twelve consecutive months.
The Commissioner’s regulations require her to apply a five-step sequential evaluation
process to each claim for disability benefits: (1) whether the claimant has engaged in
substantial gainful activity since filing her claim; (2) whether the claimant has a severe physical
and/or mental impairment or combination of impairments; (3) whether the impairment(s) meet
or equal an impairment in the listings; (4) whether the impairment(s) prevent the claimant from
doing past relevant work; and, (5) whether the claimant is able to perform other work in the
national economy given her age, education, and experience. See 20 C.F.R. § 404.1520. Only
if the final stage is reached does the fact finder consider the Plaintiff’s age, education, and
work experience in light of her residual functional capacity. See McCoy v. Schweiker, 683
F.2d 1138, 1141-42 (8th Cir. 1982), abrogated on other grounds by Higgins v. Apfel, 222 F.3d
504, 505 (8th Cir. 2000); 20 C.F.R. § 404.1520.
Plaintiff argues the following issues on appeal: 1) the ALJ erred in disregarding the
opinion and findings of the primary treating physician, Dr. Donnell; 2) the ALJ erred in failing
to consider all of Plaintiff’s impairments in combination; 3) the ALJ erred in his analysis and
credibility findings with regard to Plaintiff’s subjective complaints of pain; and 4) the ALJ
erred in finding Plaintiff retains the RFC to perform a limited range of light and sedentary
The Court has reordered Plaintiff’s arguments to correspond with the five-step analysis utilized by the Commissioner.
Insured Status and Relevant Time Period:
In order to have insured status under the Act, an individual is required to have twenty
quarters of coverage in each forty-quarter period ending with the first quarter of disability. 42
U.S.C. § 416(i)(3)(B). Plaintiff last met this requirement on September 30, 2011. Regarding
Plaintiff’s application for DIB, the overreaching issue in this case is the question of whether
Plaintiff was disabled during the relevant time period of January 23, 2007, her alleged onset
date of disability, through September 30, 2011, the last date she was in insured status under
Title II of the Act.
In order for Plaintiff to qualify for DIB she must prove that, on or before the expiration
of her insured status she was unable to engage in substantial gainful activity due to a medically
determinable physical or mental impairment which is expected to last for at least twelve
months or result in death. Basinger v. Heckler, 725 F.2d 1166, 1168 (8th Cir. 1984). Records
and medical opinions from outside the insured period can only be used in “helping to elucidate
a medical condition during the time for which benefits might be rewarded.” Cox v. Barnhart,
471 F.3d 902, 907 (8th Cir. 2006) (holding that the parties must focus their attention on
claimant's condition at the time she last met insured status requirements).
Combination of Impairments:
Plaintiff argues that the ALJ erred in failing to consider all of the claimant’s
impairments in combination.
The ALJ stated that in determining Plaintiff’s RFC, he considered “all of the claimant’s
impairments, including impairments that are not severe.” (Tr. 10). The ALJ further found that
the Plaintiff did not have an impairment or combination of impairments that met or medically
equaled one of the listed impairments. (Tr. 12). Such language demonstrates the ALJ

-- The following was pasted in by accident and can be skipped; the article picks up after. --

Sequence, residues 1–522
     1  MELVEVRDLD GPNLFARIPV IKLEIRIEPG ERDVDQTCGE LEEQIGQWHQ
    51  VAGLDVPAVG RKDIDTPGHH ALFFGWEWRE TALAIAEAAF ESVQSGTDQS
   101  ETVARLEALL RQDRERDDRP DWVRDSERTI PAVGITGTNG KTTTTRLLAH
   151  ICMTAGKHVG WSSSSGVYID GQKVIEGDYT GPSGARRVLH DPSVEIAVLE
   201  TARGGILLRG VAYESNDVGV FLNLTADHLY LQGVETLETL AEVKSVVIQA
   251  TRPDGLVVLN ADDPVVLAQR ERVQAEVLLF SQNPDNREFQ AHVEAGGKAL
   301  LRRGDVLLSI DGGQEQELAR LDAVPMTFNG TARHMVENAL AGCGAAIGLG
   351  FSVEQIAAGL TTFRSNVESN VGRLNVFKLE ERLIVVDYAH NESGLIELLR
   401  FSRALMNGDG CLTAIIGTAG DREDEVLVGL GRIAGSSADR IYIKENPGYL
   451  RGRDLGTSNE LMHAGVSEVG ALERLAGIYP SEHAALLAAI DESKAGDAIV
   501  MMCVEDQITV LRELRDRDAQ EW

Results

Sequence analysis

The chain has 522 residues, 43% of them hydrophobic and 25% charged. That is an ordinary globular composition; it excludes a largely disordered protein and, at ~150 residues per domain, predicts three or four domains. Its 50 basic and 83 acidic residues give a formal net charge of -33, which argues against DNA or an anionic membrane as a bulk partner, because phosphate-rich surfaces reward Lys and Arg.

considered the combined effect of Plaintiff’s impairments. Hajek v. Shalala, 30 F.3d 89, 92
(8th Cir. 1994).
Subjective Complaints and Credibility Analysis:
We now address the ALJ's assessment of Plaintiff's subjective complaints. The ALJ
was required to consider all the evidence relating to Plaintiff’s subjective complaints including
evidence presented by third parties that relates to: (1) Plaintiff's daily activities; (2) the
duration, frequency, and intensity of her pain; (3) precipitating and aggravating factors; (4)
dosage, effectiveness, and side effects of her medication; and (5) functional restrictions. See
Polaski v. Heckler, 739 F.2d 1320, 1322 (8th Cir. 1984). While an ALJ may not discount a
claimant's subjective complaints solely because the medical evidence fails to support them, an
ALJ may discount those complaints where inconsistencies appear in the record as a whole. Id.
As the United States Court of Appeals for the Eighth Circuit observed, “Our touchstone is that
[a claimant's] credibility is primarily a matter for the ALJ to decide.” Edwards v. Barnhart,
314 F.3d 964, 966 (8th Cir. 2003).
After reviewing the administrative record, it is clear that the ALJ properly considered
and evaluated Plaintiff’s subjective complaints, including the Polaski factors. In assessing
Plaintiff’s credibility, the ALJ noted that in March of 2012, six months after her insured status
expired, Plaintiff indicated that she was able to take care of her four-year-old son; to take care
of her personal needs, with the exception that she sometimes needed help putting on her pants,
tying her shoes and getting out of the bathtub; to prepare simple meals; to perform light
household chores; to drive; and to shop. Plaintiff also reported that she had friends come to
her house to play games and to watch movies, and that her friends sometimes brought their
children to play with her son. Plaintiff also reported that she attended Bible study, listened to
music, read, and played board games with her family.
A review of the record also supports the ALJ’s determination that prior to Plaintiff’s
date last insured, her alleged impairments were not disabling. A review of the record reveals
that in January of 2011, Plaintiff reported that she considered herself to be in very good health